US9100213B1 - Synchronizing VPLS gateway MAC addresses - Google Patents

Synchronizing VPLS gateway MAC addresses Download PDF

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US9100213B1
US9100213B1 US13/156,214 US201113156214A US9100213B1 US 9100213 B1 US9100213 B1 US 9100213B1 US 201113156214 A US201113156214 A US 201113156214A US 9100213 B1 US9100213 B1 US 9100213B1
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router
gateway
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Ramasamy Ramanathan
Pankaj Shukla
Sunesh Rustagi
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Juniper Networks Inc
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    • HELECTRICITY
    • H04ELECTRIC COMMUNICATION TECHNIQUE
    • H04LTRANSMISSION OF DIGITAL INFORMATION, e.g. TELEGRAPHIC COMMUNICATION
    • H04L12/00Data switching networks
    • H04L12/28Data switching networks characterised by path configuration, e.g. local area networks [LAN], wide area networks [WAN]
    • H04L12/46Interconnection of networks
    • H04L12/4641Virtual LANs, VLANs, e.g. virtual private networks [VPN]
    • HELECTRICITY
    • H04ELECTRIC COMMUNICATION TECHNIQUE
    • H04LTRANSMISSION OF DIGITAL INFORMATION, e.g. TELEGRAPHIC COMMUNICATION
    • H04L12/00Data switching networks
    • H04L12/28Data switching networks characterised by path configuration, e.g. local area networks [LAN], wide area networks [WAN]
    • H04L12/40Bus networks
    • H04L12/407Bus networks with decentralised control
    • H04L12/413Bus networks with decentralised control with random access, e.g. carrier-sense multiple-access with collision detection (CSMA-CD)
    • HELECTRICITY
    • H04ELECTRIC COMMUNICATION TECHNIQUE
    • H04LTRANSMISSION OF DIGITAL INFORMATION, e.g. TELEGRAPHIC COMMUNICATION
    • H04L12/00Data switching networks
    • H04L12/28Data switching networks characterised by path configuration, e.g. local area networks [LAN], wide area networks [WAN]
    • H04L12/46Interconnection of networks
    • H04L12/4633Interconnection of networks using encapsulation techniques, e.g. tunneling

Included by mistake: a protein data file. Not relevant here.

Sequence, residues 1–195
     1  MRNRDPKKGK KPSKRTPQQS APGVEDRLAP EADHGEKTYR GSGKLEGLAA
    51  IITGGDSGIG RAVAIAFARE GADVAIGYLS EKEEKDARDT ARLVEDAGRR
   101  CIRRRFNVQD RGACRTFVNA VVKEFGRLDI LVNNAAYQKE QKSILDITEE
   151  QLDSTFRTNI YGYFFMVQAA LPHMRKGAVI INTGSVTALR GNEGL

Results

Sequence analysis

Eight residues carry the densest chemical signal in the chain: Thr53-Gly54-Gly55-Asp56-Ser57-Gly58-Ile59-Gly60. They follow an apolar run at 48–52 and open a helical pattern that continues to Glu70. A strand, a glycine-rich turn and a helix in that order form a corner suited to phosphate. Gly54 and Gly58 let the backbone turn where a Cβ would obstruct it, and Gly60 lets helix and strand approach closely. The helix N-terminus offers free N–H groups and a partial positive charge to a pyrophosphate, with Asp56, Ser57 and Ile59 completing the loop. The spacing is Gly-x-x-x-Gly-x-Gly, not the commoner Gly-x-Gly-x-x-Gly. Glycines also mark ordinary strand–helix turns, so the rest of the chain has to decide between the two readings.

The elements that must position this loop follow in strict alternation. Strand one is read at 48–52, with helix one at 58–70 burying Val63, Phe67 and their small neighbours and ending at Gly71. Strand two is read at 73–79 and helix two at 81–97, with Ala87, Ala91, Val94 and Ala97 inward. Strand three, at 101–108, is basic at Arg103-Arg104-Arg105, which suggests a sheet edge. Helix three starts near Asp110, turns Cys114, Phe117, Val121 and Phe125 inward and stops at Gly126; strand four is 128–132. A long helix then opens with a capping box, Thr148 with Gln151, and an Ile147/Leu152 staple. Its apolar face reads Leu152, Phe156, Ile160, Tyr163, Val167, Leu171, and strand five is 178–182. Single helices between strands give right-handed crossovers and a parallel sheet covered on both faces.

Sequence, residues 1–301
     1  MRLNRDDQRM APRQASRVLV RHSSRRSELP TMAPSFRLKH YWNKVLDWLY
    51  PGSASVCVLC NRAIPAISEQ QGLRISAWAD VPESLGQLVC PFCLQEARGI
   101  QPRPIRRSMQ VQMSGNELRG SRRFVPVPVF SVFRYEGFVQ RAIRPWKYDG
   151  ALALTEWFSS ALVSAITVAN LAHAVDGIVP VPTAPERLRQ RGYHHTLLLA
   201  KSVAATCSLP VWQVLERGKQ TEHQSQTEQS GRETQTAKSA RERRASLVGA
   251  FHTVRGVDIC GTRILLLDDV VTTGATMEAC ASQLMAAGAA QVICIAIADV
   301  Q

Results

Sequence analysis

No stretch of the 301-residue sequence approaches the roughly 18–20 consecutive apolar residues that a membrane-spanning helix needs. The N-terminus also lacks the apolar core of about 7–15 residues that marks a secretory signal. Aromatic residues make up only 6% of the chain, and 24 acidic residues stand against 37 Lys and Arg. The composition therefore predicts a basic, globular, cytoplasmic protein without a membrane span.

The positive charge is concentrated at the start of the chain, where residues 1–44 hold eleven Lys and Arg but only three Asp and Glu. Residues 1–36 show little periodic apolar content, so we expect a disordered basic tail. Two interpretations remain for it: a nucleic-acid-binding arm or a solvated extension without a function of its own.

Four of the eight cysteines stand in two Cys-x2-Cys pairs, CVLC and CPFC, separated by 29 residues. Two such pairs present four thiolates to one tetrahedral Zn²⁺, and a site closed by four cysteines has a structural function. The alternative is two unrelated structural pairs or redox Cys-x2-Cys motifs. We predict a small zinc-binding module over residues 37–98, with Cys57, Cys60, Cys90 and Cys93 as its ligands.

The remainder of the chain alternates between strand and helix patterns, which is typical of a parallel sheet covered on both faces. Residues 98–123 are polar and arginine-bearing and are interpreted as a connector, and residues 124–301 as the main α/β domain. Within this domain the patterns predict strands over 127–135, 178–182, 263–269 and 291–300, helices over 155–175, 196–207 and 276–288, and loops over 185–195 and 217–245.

• HELECTRICITY
    • H04ELECTRIC COMMUNICATION TECHNIQUE
    • H04LTRANSMISSION OF DIGITAL INFORMATION, e.g. TELEGRAPHIC COMMUNICATION
    • H04L12/00Data switching networks
    • H04L12/64Hybrid switching systems
    • H04L12/6418Hybrid transport
    • HELECTRICITY
    • H04ELECTRIC COMMUNICATION TECHNIQUE
    • H04LTRANSMISSION OF DIGITAL INFORMATION, e.g. TELEGRAPHIC COMMUNICATION
    • H04L45/00Routing or path finding of packets in data switching networks
    • H04L45/66Layer 2 routing, e.g. in Ethernet based MAN's
    • H04L12/5689
    • H04L12/5696
    • HELECTRICITY
    • H04ELECTRIC COMMUNICATION TECHNIQUE
    • H04LTRANSMISSION OF DIGITAL INFORMATION, e.g. TELEGRAPHIC COMMUNICATION
    • H04L12/00Data switching networks
    • H04L12/28Data switching networks characterised by path configuration, e.g. local area networks [LAN], wide area networks [WAN]
    • H04L12/46Interconnection of networks
    • H04L12/4604LAN interconnection over a backbone network, e.g. Internet, Frame Relay
    • H04L2012/4629LAN interconnection over a backbone network, e.g. Internet, Frame Relay using multilayer switching, e.g. layer 3 switching
    • HELECTRICITY
    • H04ELECTRIC COMMUNICATION TECHNIQUE
    • H04LTRANSMISSION OF DIGITAL INFORMATION, e.g. TELEGRAPHIC COMMUNICATION
    • H04L29/00Arrangements, apparatus, circuits or systems, not covered by a single one of groups H04L1/00 - H04L27/00